According to the U.S. Census Bureau, minorities constitute 51% of the U.S. population. Together, this demographic is no longer a minority and presents viable opportunities for companies to attain new consumers for their products. The buying power of minority (i.e. ethnic) consumers has endured the recession. As examples, (1) the nation’s Black buying power will continue to rise exponentially — $316 billion in 1990 to $600 billion in 2000, to $947 billion in 2010–to $1,038 billion in 2012, and a projected $1,307 billion in 2017 1; (2) Americans of Asian ancestry, representing the third largest minority group, has achieved a 165% gain in buying power between 2000 and 2012 and will reach $1 trillion in 2017 2 and (3) Hispanic buying power is worth $1 trillion now and is expected to grow another 50 percent to $1.5 trillion in the next five years3. Companies that ignore minority consumers will be playing “catch up” to companies that are paying attention to this growing phenomenon. If companies plan to communicate to ethnic consumers, the following topics are essential for success:
1) Do the research. Sounds simple right? As a typical step in the market development process, it should be done. But, the way it is done makes the difference.
If companies plan to market to ethnic consumers, as the old saying goes, “fish where the fish are”. Conduct consumer and market research within the top 10 or 20 U.S. cities that index high for the specific ethnic group. For example, it makes no sense to conduct research for a product that will be catered to African-Americans anywhere in Connecticut or Arizona; instead go to NYC, Atlanta or Charlotte. The same approach should be done for Latinos and Asians. In highly index ethnic markets, a wider array of the ethnic consumers is available.
2) Have ethnic team members. Companies need ethnic team members to contribute to the product development process. They have invaluable personal knowledge about their specific ethnic group and they can help “decipher” learnings obtained from research. Ethnic team members must be given the opportunity to provide honest feedback – good or bad – without being fearful of any ramifications.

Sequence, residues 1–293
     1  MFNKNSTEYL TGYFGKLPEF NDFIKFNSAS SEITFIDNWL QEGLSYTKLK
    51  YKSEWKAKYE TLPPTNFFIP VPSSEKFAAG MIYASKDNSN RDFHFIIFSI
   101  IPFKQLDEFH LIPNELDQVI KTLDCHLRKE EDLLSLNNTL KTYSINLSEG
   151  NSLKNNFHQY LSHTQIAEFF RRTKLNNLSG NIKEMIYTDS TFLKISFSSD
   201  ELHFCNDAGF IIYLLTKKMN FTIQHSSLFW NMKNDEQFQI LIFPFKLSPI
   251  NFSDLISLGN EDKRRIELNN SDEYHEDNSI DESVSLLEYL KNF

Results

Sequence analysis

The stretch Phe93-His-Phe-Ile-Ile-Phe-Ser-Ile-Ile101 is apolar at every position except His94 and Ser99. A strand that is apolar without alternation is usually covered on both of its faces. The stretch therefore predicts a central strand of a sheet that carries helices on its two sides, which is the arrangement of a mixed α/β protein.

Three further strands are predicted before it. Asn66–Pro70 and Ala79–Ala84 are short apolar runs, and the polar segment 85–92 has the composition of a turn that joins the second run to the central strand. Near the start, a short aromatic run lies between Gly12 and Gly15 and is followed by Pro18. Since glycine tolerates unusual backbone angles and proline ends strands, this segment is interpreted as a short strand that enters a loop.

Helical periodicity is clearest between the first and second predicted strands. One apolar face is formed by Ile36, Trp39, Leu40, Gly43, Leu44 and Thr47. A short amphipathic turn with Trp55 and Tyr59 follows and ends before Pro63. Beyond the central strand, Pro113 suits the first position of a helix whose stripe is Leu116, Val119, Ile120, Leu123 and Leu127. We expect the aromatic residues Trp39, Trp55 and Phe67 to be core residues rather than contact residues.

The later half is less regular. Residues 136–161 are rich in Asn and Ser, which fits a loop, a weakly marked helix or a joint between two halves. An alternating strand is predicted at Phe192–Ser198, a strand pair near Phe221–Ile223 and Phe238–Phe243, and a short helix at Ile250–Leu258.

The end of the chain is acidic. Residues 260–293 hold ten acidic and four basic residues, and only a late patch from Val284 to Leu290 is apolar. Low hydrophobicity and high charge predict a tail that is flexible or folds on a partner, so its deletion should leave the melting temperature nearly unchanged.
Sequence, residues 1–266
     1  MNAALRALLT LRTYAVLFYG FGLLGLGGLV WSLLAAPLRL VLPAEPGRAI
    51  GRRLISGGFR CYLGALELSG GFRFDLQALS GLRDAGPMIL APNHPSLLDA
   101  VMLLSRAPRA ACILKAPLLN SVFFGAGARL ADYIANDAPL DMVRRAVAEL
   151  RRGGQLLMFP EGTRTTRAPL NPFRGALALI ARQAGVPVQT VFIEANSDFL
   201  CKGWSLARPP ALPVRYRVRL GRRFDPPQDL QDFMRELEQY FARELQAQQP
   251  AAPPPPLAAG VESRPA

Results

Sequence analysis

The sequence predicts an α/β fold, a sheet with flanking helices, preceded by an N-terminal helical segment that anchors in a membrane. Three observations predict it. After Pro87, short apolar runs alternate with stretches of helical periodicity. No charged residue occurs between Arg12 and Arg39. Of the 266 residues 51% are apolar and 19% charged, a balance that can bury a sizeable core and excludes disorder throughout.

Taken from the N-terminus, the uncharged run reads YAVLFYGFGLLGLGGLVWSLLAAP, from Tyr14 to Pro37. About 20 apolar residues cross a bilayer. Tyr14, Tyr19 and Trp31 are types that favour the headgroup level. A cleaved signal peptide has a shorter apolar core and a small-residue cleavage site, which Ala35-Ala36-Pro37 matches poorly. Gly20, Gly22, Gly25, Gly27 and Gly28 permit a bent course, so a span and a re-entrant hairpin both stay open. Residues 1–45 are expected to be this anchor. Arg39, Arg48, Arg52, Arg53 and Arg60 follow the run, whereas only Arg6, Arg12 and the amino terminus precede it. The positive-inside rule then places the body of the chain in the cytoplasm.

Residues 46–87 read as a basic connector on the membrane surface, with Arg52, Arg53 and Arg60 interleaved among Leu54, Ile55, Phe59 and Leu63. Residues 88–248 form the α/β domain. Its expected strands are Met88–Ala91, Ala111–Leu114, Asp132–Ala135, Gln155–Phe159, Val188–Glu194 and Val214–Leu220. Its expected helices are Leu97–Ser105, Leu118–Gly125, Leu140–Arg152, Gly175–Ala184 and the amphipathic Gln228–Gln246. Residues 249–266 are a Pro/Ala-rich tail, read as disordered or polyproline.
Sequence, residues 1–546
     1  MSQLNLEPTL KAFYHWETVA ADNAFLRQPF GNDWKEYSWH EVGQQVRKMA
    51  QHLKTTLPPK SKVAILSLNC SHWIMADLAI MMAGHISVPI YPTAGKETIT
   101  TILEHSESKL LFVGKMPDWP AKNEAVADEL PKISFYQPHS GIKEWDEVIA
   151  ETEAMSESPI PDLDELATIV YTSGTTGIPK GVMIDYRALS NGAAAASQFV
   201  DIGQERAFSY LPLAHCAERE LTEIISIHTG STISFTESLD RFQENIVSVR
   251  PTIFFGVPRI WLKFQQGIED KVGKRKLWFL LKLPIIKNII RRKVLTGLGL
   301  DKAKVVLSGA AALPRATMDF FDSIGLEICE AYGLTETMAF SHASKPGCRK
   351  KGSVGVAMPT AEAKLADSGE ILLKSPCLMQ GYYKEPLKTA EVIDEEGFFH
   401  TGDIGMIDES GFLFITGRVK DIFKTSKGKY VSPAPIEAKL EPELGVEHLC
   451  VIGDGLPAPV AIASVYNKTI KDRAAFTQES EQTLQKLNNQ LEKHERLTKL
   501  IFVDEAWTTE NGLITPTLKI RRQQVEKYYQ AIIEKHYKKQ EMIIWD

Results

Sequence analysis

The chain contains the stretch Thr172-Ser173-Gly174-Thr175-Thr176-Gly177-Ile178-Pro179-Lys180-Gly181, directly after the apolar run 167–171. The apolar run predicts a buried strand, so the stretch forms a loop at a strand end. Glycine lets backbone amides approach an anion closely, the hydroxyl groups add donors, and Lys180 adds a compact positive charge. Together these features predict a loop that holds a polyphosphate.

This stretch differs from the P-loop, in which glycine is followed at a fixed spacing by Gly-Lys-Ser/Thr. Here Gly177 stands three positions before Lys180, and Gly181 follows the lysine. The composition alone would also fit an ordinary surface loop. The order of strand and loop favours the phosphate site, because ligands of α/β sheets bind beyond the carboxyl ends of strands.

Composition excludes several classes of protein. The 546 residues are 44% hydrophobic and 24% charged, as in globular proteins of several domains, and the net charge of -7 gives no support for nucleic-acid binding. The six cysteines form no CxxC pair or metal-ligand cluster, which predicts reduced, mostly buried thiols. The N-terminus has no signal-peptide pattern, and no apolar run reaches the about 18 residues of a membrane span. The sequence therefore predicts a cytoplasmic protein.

3) Be in it for the long haul. Publically traded companies have a responsibility to report their profits, losses and sales outlooks to Wall Street. With this being the case, companies are under immense pressure to realize profitable returns on their investments sooner vs. later. As with any new business venture, attracting new consumers through ethnic marketing initiatives will take time.
If publically traded companies make a decision to invest in ethnic marketing initiatives, they need to understand that profit, or brand awareness measures, or market share within a specific area may not reach the levels of general market measures during the first year.
4) Be involved in their community. Ethnic consumers are very savvy as to which brands support issues important to their demographic. Not only must companies promote on national levels, but also support on local levels as well. Grassroots marketing initiatives such as sponsorships, donations and sampling events help develop stronger relationships with ethnic consumers.
5) Successful company models. There are only a few companies that have done exceptionally well with their ethnic marketing initiatives. A few that come to mind are: Verizon, McDonalds, Procter & Gamble, Southwest, and Goya.
If done correctly, ethnic marketing can reap substantial rewards! It has been known to boost company perceptions, increase brand and product penetration measures and produce some of the most loyal consumers ever known! I urge companies to give it a try and stick it out.
(1) www.ReachingBlackConsumers.com. “Black Buying Power Continues to Rise”.
(2) www.terry.uga.edu. Hispanic consumer market in the U.S. is larger than the entire economies of all but 13 countries in the world, according to annual UGA Selig Center Multicultural Economy study.
(3) www.NationalJournal.com. “Buying Power of Hispanics Worth $1 Trillion, Report Says”.